HUNDREDS of mourners bid farewell to senior Frankston SES and CFA member Peter Doutch at a funeral service at the Peninsula Aero Club at Tyabb last week following his death in an ultralight aircraft crash on 27 April.
The service, which was held in the club rooms at 1pm on 10 June, was attended by about 400 family members, friends and colleagues, including his five-year-old daughter Emily, who was critically injured in the crash.
Dozens of SES and CFA personnel formed a guard of honour along the airstrip to pay tribute to the dedicated father of two, who had devoted more than 24 year of his life to serving the community as a volunteer.
Aero club members performed a “missing man” flyover following the service as Mr Doutch’s coffin passed through the guard of honour en route to Bunurong Memorial Park, where a private cremation service was held.
Friends said it was as miraculous as it was heart breaking that Emily was now strong enough to leave hospital for the day to attend the service to say a final goodbye to her father, with whom she was inseparable.
She had been flying with her father in the microlight aircraft on the fateful Sunday afternoon when it crashed into the roof of a house in Seaview Rd, Tyabb.
Mr Doutch was pronounced dead at the scene, while Emily was rescued from the wreckage and flown to The Alfred hospital in with multiple injuries, including critical head and neck injuries, and breaks to her legs, pelvis and collar bone. She was in an induced coma for nine days.
While still facing a long road to recovery, doctors and family members have described her steady recovery as “amazing”, praising her bravery, strength of spirit, and bubbly personality.
Mother Susan Doutch said her husband would have been proud of the strength of character shown by both his daughter and son in the wake of the tragedy.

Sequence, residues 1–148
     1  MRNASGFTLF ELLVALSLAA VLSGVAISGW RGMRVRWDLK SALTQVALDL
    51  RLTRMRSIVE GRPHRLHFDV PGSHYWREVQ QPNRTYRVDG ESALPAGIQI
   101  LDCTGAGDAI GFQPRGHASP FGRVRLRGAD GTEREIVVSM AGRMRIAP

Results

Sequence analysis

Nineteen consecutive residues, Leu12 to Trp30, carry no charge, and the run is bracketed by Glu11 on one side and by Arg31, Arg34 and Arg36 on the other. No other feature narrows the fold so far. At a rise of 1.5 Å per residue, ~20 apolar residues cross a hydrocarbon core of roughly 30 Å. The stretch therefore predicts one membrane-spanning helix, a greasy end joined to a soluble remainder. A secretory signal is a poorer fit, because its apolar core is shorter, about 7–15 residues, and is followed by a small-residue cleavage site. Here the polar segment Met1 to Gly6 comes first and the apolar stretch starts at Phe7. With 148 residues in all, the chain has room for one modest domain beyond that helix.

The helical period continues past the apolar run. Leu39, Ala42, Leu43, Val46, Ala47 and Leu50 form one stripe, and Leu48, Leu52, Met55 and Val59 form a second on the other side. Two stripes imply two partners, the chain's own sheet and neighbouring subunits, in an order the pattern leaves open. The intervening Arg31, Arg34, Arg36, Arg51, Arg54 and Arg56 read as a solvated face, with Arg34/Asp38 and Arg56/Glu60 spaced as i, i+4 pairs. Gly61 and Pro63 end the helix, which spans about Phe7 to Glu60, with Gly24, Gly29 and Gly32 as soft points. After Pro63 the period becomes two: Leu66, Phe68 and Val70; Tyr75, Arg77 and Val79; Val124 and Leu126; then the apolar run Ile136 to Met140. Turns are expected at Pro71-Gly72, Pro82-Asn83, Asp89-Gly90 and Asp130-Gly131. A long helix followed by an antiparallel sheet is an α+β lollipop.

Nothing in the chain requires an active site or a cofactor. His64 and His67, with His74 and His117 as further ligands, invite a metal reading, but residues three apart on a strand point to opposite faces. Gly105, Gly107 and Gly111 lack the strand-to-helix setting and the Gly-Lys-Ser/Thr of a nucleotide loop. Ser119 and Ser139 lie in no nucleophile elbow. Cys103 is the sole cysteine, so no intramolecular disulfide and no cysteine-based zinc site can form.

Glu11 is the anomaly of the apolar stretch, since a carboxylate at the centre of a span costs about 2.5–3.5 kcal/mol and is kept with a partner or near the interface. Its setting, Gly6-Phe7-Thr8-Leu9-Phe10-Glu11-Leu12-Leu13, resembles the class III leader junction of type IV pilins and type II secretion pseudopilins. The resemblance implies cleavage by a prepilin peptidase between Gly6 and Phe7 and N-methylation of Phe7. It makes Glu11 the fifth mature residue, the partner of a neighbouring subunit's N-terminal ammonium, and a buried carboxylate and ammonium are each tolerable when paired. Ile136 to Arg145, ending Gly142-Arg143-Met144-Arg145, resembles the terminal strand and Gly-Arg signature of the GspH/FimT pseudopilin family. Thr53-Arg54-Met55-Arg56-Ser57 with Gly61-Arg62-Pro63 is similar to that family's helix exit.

She thanked family, friends and colleagues for their support and said her husband would have been “humbled” by his send-off.
“What a perfect farewell for my husband of 10 years and partner of 15 years, Peter T Doutch,” she wrote on the family’s Facebook page following the funeral.
“Thank you to all involved in turning my vision into reality. Pete would have been humbled by such an awesome send-off.”
In addition to his volunteer work with the SES and CFA, Mr Doutch was remembered as being passionate about flying and singing, and had turned his love of karaoke into a successful business.
Retiring Frankston SES controller Brian McMannis said Mr Doutch was one of the Frankston unit’s most senior members.
“It was a very sad day but a fitting send-off for such a dedicated volunteer,” Mr McMannis said. “He was very well respected and very well liked and his loss has hit us all hard.”
Mr McMannis said the SES would continue to support the Doutch family, especially in their efforts to get the house ready to meet Emily’s needs when she returns home in about four weeks’ time.
Peninsula Aero Club president Peter Bernardi said members had also been involved in fund-raising efforts for the Doutch family and encourage the community to get behind the cause.
“The family has been so strong through all of this, but with Pete now gone and Emily facing a long road to recovery, we really need to make sure they get all the help we can provide,” he said.
A Facebook page, The Doutch Family Fund Raising Support Group, has been set up to help the family through Emily’s recovery.